Capt. Brown didn't kill the guy. It was almost certainly a ground gunner, probably Sgt. Cedric Popkin of the Australian 24th Machine Gun Company.
I find it strange how so many people now still argue over this issue. An examination of the Baron's body found that the bullet had been aimed from below. Also, Brown stated "There is no point in me commenting, as the evidence is already out there" - I believe this was his way of stating that it was obviously not him who took down Richthofen.
The Baron had previously sustained a serious head wound earlier, so many people believe it may have had an effect - on that day, a fatal one - on his judgments. A super-pilot like him would've known better than to chase a novice adversary over heavily defended enemy territory.
it was confirmed that it was ground fire from an Aussie that killed him. One of those one in a billion shots from an unknown rifleman. A single bullet to the chest, angled upwards through the belly and chest cavity, and jusrt under the skin of the back. Says the the round was fired at range and passed through most of the body, losing momentum. If it was a AA machine gun or Brown's fighter, there would have been multiple rounds and through and through wounds, not a single lucky shot from a rifle round that was mostly spent.
Re., Natebros' comment: I think your illustration does a great job of depicting the ambiguity of von Richthofen's death--he is stalking Lt. May while Lt. Brown gets in position to shoot at him from behind, while he is at the same time flying low enough to be in range of gunfire from the troops on the ground. Canadians like to believe that Roy Brown shot down the Red Baron, since Brown was Canadian. Australians like to believe that it was ground fire that got him, since the AA fire came from an Australian battery. The Germans sided with the Australians, as they didn't like to think that their top ace could have been bested by another fighter pilot. From what I've read, though, von Richthofen had been suffering from a head wound or head trauma, and this quite likely would have impaired his combat judgement considerably, leaving him vulnerable to either danger. At any rate, I love your illustration.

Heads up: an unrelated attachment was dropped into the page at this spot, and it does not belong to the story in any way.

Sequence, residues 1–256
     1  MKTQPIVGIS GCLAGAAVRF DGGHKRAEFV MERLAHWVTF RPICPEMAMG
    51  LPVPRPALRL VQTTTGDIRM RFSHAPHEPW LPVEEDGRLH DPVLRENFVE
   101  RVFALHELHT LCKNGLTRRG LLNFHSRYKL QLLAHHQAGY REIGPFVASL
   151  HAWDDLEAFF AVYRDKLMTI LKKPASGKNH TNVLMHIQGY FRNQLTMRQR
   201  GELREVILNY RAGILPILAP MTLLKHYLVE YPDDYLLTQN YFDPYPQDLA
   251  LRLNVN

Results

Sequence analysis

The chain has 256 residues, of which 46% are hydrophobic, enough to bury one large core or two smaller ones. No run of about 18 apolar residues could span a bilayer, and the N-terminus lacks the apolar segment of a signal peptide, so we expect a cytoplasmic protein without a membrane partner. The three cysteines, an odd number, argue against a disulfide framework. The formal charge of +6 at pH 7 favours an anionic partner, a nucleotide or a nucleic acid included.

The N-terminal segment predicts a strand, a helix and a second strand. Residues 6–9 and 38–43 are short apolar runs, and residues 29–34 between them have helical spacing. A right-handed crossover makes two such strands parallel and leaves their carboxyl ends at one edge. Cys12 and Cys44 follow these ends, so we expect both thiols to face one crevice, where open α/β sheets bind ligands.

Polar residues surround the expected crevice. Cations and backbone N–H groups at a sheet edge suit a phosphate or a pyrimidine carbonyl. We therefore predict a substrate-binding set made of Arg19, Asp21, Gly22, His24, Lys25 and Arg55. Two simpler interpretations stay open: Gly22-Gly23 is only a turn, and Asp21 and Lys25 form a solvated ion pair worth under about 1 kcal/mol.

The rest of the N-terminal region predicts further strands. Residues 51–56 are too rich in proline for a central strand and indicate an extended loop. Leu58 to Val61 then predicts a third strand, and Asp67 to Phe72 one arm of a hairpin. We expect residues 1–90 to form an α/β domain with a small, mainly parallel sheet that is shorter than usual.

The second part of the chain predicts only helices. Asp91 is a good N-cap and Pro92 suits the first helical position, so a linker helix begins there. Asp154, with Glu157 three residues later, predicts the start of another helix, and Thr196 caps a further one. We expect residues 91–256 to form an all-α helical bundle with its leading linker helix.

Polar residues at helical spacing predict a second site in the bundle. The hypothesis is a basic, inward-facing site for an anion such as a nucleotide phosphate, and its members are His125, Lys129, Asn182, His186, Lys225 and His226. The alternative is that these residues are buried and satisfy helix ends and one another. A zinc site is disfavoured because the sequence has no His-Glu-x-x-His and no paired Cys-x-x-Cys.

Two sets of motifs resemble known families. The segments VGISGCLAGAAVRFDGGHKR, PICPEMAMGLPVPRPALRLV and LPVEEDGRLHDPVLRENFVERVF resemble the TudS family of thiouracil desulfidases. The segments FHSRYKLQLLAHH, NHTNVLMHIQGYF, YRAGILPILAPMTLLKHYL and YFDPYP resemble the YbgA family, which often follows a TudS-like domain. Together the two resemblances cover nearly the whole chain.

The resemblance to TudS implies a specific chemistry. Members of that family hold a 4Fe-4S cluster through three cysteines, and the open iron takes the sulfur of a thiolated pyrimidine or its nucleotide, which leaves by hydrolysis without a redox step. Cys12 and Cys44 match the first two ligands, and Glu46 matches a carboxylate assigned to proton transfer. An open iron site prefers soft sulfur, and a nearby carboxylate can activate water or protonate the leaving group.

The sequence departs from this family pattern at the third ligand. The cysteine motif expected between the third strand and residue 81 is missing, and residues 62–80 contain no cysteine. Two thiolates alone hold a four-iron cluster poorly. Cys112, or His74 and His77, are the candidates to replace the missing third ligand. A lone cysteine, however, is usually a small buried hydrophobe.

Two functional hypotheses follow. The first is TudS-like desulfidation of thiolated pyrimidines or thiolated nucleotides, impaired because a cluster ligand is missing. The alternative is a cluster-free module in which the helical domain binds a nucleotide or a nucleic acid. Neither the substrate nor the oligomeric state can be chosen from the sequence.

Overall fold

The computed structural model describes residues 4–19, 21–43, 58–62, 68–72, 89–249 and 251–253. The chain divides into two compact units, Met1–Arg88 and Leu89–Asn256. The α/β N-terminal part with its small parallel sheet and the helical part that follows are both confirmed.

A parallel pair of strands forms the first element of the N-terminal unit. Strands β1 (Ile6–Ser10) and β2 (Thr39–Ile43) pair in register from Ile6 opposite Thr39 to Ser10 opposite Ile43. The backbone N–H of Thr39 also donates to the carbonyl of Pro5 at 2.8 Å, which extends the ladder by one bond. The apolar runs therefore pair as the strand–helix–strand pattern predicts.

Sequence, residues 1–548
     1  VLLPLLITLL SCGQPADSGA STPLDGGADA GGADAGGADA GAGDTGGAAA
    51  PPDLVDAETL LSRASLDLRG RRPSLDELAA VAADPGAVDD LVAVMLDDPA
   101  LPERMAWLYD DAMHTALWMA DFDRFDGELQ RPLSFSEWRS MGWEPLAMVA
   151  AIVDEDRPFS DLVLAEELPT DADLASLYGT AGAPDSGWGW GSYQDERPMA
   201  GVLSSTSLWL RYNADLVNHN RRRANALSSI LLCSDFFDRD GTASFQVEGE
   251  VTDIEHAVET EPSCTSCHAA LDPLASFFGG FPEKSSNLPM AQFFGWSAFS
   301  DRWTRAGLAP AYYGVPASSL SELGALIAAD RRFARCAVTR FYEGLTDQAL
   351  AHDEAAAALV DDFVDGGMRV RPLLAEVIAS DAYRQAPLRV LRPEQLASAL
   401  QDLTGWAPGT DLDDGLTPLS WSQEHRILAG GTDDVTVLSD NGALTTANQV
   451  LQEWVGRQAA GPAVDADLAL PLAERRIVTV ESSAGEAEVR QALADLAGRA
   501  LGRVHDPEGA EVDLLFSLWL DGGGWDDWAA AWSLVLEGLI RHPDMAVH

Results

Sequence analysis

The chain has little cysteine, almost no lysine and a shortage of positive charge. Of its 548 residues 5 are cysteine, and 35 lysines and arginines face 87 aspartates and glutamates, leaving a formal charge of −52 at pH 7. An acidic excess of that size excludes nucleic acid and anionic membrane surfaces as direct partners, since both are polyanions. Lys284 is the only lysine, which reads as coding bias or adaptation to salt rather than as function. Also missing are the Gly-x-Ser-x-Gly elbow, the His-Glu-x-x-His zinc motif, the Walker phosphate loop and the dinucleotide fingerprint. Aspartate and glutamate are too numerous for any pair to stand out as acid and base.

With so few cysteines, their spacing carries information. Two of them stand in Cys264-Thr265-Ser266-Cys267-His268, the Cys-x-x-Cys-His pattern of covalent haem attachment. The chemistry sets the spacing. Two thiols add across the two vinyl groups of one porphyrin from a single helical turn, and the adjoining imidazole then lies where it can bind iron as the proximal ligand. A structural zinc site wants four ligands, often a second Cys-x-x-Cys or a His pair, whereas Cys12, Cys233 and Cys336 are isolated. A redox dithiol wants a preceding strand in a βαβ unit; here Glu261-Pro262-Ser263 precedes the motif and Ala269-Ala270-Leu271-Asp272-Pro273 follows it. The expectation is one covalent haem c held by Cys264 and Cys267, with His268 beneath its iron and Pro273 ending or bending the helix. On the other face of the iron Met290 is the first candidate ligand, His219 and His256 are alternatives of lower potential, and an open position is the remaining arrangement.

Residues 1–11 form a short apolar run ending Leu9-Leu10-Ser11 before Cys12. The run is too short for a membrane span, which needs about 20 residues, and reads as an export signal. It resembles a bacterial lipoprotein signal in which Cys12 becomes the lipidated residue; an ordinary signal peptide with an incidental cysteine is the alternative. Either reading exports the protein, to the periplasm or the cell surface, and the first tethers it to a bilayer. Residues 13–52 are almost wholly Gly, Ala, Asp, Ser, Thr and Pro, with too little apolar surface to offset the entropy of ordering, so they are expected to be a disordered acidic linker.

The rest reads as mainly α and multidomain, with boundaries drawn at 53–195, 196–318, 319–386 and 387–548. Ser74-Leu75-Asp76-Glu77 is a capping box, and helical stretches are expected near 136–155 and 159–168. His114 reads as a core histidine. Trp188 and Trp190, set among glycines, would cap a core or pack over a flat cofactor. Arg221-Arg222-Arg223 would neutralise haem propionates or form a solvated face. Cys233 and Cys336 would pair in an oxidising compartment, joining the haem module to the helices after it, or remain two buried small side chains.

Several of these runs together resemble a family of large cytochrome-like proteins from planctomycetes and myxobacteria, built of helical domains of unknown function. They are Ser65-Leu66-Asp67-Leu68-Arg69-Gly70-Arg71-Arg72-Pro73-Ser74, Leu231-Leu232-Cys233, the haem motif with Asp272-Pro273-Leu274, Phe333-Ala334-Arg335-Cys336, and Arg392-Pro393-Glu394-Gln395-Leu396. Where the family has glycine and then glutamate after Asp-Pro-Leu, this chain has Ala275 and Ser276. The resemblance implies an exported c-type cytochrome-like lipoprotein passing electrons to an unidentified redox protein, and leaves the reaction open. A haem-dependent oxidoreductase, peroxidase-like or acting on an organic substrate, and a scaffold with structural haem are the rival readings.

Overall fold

as for the head trauma you are right, a silver dollar patch of skin was missing due to being hit in the head, how the round did not kill him is a mystery. he still kept flying when he should have been grounded due to wounds.
There is no definite answer, but it is believed it was ground fire that killed him. He was fired on by Brown while also being shot at by Australian troops. I've tried to show the moments before he was shot. I added the troops and Brown's plane to give the option of either scenario, which ever is right.
I didn't feel you were trying to rip into my art, sorry if I am coming across mean, I was just trying to explain my thoughts and how I came up with the concept through the research. Thanks for the comments.